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IBM lines up blade, AIX updates

AIX 6, Power 6, Uh-ho, now I'm scared...

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IBM will sprinkle more greenery around its big computing offerings this week as it launches long-awaited updates to AIX and its Power-based server line.

The new OS and chip duo will be complemented by virtualisation software that will slot into the vendor's server consolidation – and by definition eco-conscious - pitch.

Big Blue discussed the Unix products earlier this week. The first blades running Power 6 are scheduled to be unveiled today, though the vendor has already blabbed some of the details to us.

The dual core Power 6, built with strained silicon, features an integrated memory controller. The combined effect is, apparently, to slash power consumption. The vendor has previously claimed the platform offers double the speed of the previous generation of chips for the same power draw, with obvious implications for server and data centre design. Starting prices, with hard disk, should be around the $10,000 mark.

New blades won't be much good without a suitable OS, and IBM has slated Friday for general availability of AIX 6. It's been six years since the vendor completely overhauled its flavour of Unix, and the industry has changed a lot in that time. The new OS will still be compatible with previous IBM chip platforms.

IBM has already flagged up features like virtualisation and kernel updates without the need to reboot. Virtualisation and partition features will allow live apps to be shifted around physical servers. The big push this week will be on high availability and power management, which ties in nicely with the latest chip platform.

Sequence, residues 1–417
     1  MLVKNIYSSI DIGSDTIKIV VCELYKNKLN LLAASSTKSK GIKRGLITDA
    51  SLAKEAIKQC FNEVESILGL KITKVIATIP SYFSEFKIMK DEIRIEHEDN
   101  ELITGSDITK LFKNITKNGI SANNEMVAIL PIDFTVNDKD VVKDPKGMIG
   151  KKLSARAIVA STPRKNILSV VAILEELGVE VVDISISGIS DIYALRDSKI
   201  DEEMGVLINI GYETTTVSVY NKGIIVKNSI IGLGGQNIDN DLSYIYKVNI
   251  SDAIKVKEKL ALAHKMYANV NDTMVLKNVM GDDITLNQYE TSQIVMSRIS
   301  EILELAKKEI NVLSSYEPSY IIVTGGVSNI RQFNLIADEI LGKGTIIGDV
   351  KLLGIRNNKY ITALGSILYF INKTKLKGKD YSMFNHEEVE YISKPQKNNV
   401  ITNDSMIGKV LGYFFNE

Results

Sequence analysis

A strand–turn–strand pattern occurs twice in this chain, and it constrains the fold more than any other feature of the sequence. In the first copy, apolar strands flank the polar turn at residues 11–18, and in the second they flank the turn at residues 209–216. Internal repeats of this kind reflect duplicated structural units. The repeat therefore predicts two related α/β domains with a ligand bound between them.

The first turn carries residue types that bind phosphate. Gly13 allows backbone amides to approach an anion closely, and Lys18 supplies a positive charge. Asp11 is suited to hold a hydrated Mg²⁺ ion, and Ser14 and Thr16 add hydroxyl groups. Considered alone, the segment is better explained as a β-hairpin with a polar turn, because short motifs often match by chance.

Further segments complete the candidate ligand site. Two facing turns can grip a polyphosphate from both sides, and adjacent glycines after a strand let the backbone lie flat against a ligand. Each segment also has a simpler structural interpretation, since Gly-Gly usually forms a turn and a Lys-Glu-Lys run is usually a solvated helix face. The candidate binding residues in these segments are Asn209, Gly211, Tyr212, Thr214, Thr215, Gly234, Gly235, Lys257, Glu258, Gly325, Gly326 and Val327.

It also ties in with the expected launch of Advanced Power Virtualisation Enterprise Edition later this month. This should give IT managers the ability to shift whole partitions around physical servers live, without having to reboot their systems. Among other benefits, this should allow updating and maintenance of systems during working hours when IT staff are still wide awake, not claiming overtime, and don't need all the lights on.

While server consolidation and more sensible maintenance routines have always appealed to server managers, IBM can now pitch these as power saving and therefore "green" features as well.

Last week, the vendor said it would offer data centres greenness certificates – overseen by a third party, of course - if they show they've reduced their power consumption. Now, what advice might IBM's green gurus offer any data centre manager looking to lower his power consumption. ®

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